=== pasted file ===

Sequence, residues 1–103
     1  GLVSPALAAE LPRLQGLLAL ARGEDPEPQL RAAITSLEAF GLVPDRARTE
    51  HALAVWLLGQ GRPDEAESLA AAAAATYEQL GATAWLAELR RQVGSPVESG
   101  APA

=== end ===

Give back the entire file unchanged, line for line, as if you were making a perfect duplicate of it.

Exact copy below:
Sequence, residues 1–103
     1  GLVSPALAAE LPRLQGLLAL ARGEDPEPQL RAAITSLEAF GLVPDRARTE
    51  HALAVWLLGQ GRPDEAESLA AAAAATYEQL GATAWLAELR RQVGSPVESG
   101  APA